POLITICS: Madame Chairman 

POLITICS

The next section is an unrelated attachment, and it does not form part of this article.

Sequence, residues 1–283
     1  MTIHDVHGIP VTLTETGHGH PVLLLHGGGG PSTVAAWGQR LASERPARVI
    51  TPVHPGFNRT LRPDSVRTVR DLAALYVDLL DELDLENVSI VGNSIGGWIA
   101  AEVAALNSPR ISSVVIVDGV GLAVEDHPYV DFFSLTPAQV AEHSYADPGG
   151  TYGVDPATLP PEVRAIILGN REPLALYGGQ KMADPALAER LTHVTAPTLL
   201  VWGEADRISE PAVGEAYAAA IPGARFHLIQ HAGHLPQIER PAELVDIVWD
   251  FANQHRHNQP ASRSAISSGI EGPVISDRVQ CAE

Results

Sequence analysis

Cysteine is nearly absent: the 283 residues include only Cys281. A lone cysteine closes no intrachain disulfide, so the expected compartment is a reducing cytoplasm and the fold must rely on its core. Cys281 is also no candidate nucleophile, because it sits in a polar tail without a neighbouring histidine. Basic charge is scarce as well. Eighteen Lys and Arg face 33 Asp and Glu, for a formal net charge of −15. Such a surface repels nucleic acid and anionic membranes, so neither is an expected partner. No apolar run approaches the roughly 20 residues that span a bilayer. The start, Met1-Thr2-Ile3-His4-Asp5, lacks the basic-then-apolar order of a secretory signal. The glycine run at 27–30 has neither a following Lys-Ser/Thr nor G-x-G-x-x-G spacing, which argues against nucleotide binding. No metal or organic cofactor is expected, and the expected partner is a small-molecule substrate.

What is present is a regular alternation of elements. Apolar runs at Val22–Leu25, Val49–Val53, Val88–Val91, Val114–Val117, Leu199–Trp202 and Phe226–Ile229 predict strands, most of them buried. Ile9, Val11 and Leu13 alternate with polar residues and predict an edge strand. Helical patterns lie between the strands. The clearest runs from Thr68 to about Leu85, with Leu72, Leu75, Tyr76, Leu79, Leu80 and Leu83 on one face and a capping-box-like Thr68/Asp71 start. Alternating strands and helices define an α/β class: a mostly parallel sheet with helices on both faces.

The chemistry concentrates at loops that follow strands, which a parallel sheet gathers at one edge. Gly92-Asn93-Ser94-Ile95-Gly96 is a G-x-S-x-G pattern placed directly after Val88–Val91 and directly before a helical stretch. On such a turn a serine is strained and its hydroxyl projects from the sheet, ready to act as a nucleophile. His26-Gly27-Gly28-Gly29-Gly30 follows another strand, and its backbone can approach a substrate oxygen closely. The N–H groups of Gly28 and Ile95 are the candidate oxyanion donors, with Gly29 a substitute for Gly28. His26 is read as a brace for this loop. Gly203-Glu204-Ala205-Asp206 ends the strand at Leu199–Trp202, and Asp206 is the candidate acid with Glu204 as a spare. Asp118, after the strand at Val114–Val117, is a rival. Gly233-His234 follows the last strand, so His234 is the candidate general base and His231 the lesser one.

MADAME CHAIRMAN Well, that’s settled, anyhow: Loeffel will head the commission. The big election -- the Memphis city version scheduled for October 7th -- is still to come, but a significant mini-election -- that for the chairmanship of the Shelby County Commission -- has come and gone, and the winner, Marilyn Loeffel, got in without having to break a sweat. To say that was a surprise is an understatement. Less than 24 hours before the commission was scheduled to vote, there were no fewer than four announced Republican candidates for the chairmanship, and since it was the GOP’s turn to nominate a chairman under an annual-rotation agreement between the two major parties, that meant that a majority of the nominating caucus were candidates. Two of those, Tom Moss and Linda Rendtorff, the latter of whom announced her candidacy as recently as Sunday, had advertised themselves as fallback candidates -- possible compromise choices should the expected showdown between Loeffel and first-termer Bruce Thompson not yield a winner. This was not exactly a student-body election, in which the winner’s vanity was mainly what was at stake. Loeffel and Thompson, though nominal party-mates, have wholly different constituencies and philosophical outlooks. Loeffel, who represents Cordova, is a former president of the now-defunct organization FLARE, which opposed abortion , favored school prayer and charter schools, and stressed other social themes favored by Christian fundamentalists. Like Ed McAteer, the ex-marketing director for Colgate toothpaste whose Religious Roundtable lobbies for various social-conservative causes, Loeffel does not advance a complex economic agenda, but she and her constituents are, to be sure, middle-income types averse to paying higher taxes. In practice, Loeffel has voted against all tax-increase resolutions -- including the 25-cent property tax hike of this year -- but has taken something of a scattershot approach to expenditures, voting for some controversial projects this year -- like money for MIFA and WKNO -- and rejecting others. Thompson,whose background is in business and money-managing, has been much more rigorous in pursuing goals of fiscal solvency, backing his commission mate David Lillard’s efforts to impose new budget procedures and,like Lillard, calling for structural changes and reexamining the priorities of county government. Early on in his tenure, he let it be known that he thought Loeffel was allowing her de facto alliance with Democratic chairman Walter Bailey, who had successfully backed her last year for the stepping-stone position of chairman pro tem, to influence her votes. Thompson, Lillard, and, on occasion, other Republicans thought they saw a pattern, too, of Loeffel’s abstaining on issues and voting for courtesy reconsiderations of prior votes so as to advance agendas favored by Bailey and other Democrats. Loeffel didn’t allay these suspicions by couching many of her votes in moralistic, even pious, terms -- at one point justifying her position against casino gambling as one reflecting divine will. Thompson, clearly, was counting on Rendtorff and Joyce Avery to see things his way. He saw Rendtorff’s late-blooming candidacy and the absence Monday of Avery, who was obviously conflicted as to which one of her four colleagues deserved her vote, as lengthening the odds to the point of making his chances academic. At worst, he would lose outright to Loeffel; at best, he could keep her from winning -- thereby handling the election to Rendtorff or Moss, two relatively moderate candidates. The most likely winner in that scenario would have been Moss, a homebuilder whose position on zoning issues had often been 180 degrees away that of Thompson. Hence, Thompson’s concession before Monday’s meeting. Democrat Michael Hooks, who would end up being voted chairman pro tem and is therefore Loeffe’s putative successor next year, nominated Loeffel, who won without a single opponent and without a ne QU

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